I was once Chairman of the Board of the Long Island Maritime Museum in West Sayville, New York. An issue that showed up at many a board meeting considered the safety of one of our prized structures, our small craft exhibit building. The problem was that weeds were entering the structure along its base and were growing up inside the building. The Museum is located on County owned property, and anything that happened at the museum was covered by County regulations. The building, once an airplane hanger, had a beautiful old classic design, and it was one of the most popular exhibits on the site. “Using a "weed-wacker" was not a viable solution because the weeds would infiltrate the base bringing moisture into the metal building. Rust was a big problem, and was starting to endanger the foundation. I had a simple solution. I suggested that we simply spray the area around the foundation with Roundup® a weed control chemical. A public official from County government was at every board meeting. I thought the poor guy was going to have a heart attack when I made my recommendation.

The building is located about 50 yards from the Great South Bay of Long Island, an important estuary. County and state rules forbade the use of any chemicals within a certain distance from body of water. The prescribed distance was greater than that between our building and the bay. Here's the deal with Roundup®. You spray it on the offending vegetation, and within a few days the stuff is dead, and so is the Roundup®. It becomes an inert chemical within a few days. It would be no more likely to reach the groundwater than it would to infect the Danube River. But that didn't matter! Zero tolerance. A rule is a rule, and no official is empowered to make exceptions. One day the small craft exhibit building is going to collapse, along with its beautiful restored vessels, because zero tolerance removes rational decision making.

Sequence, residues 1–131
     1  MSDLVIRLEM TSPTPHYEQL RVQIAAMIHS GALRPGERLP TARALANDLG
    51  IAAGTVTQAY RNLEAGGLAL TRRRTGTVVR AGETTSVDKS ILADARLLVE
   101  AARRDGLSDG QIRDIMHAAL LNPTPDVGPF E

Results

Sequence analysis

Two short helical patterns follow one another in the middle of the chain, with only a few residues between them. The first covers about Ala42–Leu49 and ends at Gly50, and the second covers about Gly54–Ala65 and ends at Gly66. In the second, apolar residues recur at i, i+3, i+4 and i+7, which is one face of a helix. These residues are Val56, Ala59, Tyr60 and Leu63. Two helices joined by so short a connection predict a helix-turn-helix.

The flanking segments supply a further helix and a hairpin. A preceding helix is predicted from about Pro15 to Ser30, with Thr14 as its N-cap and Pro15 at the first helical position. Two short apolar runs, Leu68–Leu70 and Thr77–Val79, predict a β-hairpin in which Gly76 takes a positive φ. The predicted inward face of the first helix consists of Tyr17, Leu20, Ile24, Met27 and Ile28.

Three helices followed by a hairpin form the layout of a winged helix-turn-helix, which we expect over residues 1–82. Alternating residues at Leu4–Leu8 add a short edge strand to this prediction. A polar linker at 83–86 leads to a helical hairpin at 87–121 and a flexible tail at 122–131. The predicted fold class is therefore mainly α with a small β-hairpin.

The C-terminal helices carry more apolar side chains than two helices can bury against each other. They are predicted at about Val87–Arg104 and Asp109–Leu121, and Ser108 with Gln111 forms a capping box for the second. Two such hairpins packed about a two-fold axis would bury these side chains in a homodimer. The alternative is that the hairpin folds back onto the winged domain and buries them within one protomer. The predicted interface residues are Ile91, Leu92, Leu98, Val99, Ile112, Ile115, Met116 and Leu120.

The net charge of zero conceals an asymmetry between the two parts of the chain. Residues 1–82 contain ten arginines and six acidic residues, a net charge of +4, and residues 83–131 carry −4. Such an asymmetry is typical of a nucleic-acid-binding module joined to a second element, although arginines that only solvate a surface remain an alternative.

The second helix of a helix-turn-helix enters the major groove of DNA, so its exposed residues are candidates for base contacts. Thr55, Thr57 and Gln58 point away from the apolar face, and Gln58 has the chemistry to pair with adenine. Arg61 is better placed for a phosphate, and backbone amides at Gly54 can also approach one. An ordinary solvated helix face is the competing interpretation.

How to Build a Freeway - Now

Flexible decision-making works – better than following rules like a robot. After the 1994 earthquake in Los Angeles a number of freeways collapsed across the city. California Governor at the time, Pete Wilson had a choice. Watch the building code and other regulations do their magic for a few years, or he could do the job for which he was elected. Wilson fast-tracked the repairs, in recognition of the obvious fact that LA needed the freeways – fast. He tossed the rule books, and with federal disaster aid, gave financial incentives to contractors to get the job done -now. The freeways were back up within 66 days – not months or years. He could have hid behind the time-honored cover of the bureaucracy: “I don’t write rules; I just enforce them.”

What is Your Opinion of Zero Tolerance Regulations?

See results

The Story of Zachary Christie